The verdict on whether the local economy is regressing or progressing is not yet out.
It is to be determined by the stimulus programmes by government in an attempt to inject life back into the economy but the approach adopted seems follow a populist approach in contrast to one with real potential and impetus to creating conditions necessary for economic growth.
The concept of populism contains as part of its ideology the premise that the political approach is primarily concerned with appeasing voters with little consideration to key factors that ignite sustainable growth.
The spending trend in the local economy by government suggests that the country has aligned itself with this approach as indicated by an absence of a more pragmatic way that weighs in on the factors that influence growth.
One might say that this populist mindset is indicated by the manner in which government continues to inject money into the economy with a seemingly lack of discipline in attaining real value for the funds spent.
When the economy was imploding on the face of the low commodity prices the government launched the Economic Stimulus Programme (ESP).
ESP was introduced to move the economy from its lethargic state to an increased productive activity that would cause spill-over effects into economy. The benefit of ESP has in some parts being outlined in media reports as pushing though the completion of government projects that had been stuck in backlog.
Such projects included construction of internal roads, of teachers’ housing, of classrooms, upgrade of clinics and hospitals and maintenance of buildings to mention but a few.
The significance of the projects cannot be understated but it appears that their spending has not resulted in multiplier effects as it would have been expected. The paucity of economic expansion from the targeted government spending means that the completion of the projects is limited to improved service delivery but with little impact on the growth of the economy.
The total budget spent on ESP over the two past financial years, 2015/16 and 2016/17, is estimated at P3.8 billion. The spending was targeted mainly at construction, tourism and agricultural projects.
Cash injection from ESP was planned over a three-year period which makes the current financial year of 2017/2018 the final spending tranche, of which at present the amount remains unspecified.
It suggests therefore that post-2017 government will take stock of the programme and determine if its intended spurring of the economy has produced desired results.
One of the objectives set against ESP was that by injecting cash into local businesses they would in turn create jobs. President Ian Khama hailed in his 2016 presentation of the State of the Nation Address (SONA) that since inception in 2015, the economic programme had created 18 867 jobs out of which 8 718 (47 percent) are held by young people.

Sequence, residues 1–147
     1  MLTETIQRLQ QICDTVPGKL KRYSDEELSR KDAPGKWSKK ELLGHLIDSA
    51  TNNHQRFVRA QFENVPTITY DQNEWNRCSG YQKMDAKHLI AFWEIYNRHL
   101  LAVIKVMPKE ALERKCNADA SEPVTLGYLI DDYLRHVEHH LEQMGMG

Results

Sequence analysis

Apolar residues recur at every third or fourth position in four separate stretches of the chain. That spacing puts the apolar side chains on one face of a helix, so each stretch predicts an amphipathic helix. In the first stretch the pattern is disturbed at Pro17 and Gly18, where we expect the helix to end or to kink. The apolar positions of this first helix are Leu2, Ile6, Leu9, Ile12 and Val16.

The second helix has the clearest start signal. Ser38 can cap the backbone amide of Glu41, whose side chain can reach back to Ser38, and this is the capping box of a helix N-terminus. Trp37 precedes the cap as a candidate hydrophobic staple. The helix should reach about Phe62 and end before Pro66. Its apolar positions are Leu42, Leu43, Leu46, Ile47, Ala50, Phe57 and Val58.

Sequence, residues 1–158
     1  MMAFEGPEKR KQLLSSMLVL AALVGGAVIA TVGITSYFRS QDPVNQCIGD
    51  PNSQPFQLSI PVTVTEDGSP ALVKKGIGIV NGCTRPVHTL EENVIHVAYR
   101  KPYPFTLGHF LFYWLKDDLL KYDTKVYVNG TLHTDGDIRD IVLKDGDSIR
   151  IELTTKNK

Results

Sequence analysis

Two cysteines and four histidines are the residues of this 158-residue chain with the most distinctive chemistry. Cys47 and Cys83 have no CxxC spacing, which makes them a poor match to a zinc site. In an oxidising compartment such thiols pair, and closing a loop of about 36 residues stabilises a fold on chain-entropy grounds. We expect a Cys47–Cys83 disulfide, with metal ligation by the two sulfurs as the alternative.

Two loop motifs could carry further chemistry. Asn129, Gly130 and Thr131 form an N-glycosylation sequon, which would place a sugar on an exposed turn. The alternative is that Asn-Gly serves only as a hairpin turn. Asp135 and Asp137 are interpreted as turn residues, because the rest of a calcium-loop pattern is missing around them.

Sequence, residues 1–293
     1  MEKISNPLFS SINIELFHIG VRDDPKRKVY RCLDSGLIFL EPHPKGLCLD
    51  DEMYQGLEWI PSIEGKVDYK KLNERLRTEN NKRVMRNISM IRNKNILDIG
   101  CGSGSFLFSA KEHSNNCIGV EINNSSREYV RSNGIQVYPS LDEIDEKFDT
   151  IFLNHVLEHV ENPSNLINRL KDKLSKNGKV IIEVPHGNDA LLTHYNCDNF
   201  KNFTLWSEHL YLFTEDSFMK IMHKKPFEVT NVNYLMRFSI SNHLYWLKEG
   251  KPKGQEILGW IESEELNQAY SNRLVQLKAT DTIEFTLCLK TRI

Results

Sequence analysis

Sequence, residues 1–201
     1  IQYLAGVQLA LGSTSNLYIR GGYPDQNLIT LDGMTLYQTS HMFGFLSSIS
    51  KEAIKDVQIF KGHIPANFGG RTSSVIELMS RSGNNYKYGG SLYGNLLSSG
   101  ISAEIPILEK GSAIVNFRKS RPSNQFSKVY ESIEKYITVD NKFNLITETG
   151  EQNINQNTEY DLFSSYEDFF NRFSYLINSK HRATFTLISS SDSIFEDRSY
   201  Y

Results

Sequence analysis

The stated figure was not mentioned in context of the initial targeted number of jobs the programme was to create and economic commentators argue whether such jobs would remain post the completion of projects.
In the same month that the President gave an update of ESP another stimulus programme was introduced by government which is targeted at all 57 constituencies across the country each with a spending budget of P10 million.
This puts the total budget at P570 million and unlike ESP it was not spread over an extended time period and will only focus on the current financial year.
The constituency level programme is dubbed a development fund and is said to have been designed with the key objective of stimulating economic activity and hence improve the livelihoods of people in their living areas.
Each constituency is expected to decide on which projects are most relevant to their development, and is therefore considered a bottom-up approach. It was announced that the programme will run parallel to ESP and the National Development Plan (NDP 11).
Another particular observation to note is that although government spending is evident through the existing stimulus programmes, Bank of Botswana cited in its February monetary committee review, a lower increase in government spending.
This means that government has a limited spending power which may prove to be difficult to extend into the economy in the future as it is currently doing.
The review also observes a restricted economic output which defeats the impact of the stimulus programmes.
“Projections indicate that domestic non-mining output will be below trend in the medium term, influenced mainly by the restrained growth in personal incomes, lower rate of increase in government expenditure, sluggish recovery of the mining sector as well as modest economic growth in major trading partners,” it says.
Economic commentators argue that real economic growth will come from bolstering confidence into business firms of which is not limited to short term cash booster but motivates them to make investment decisions that carry a long term approach.
The real impact, according to their analysis, will come from sustained participation in the economy as opposed to relying on a limited spending power.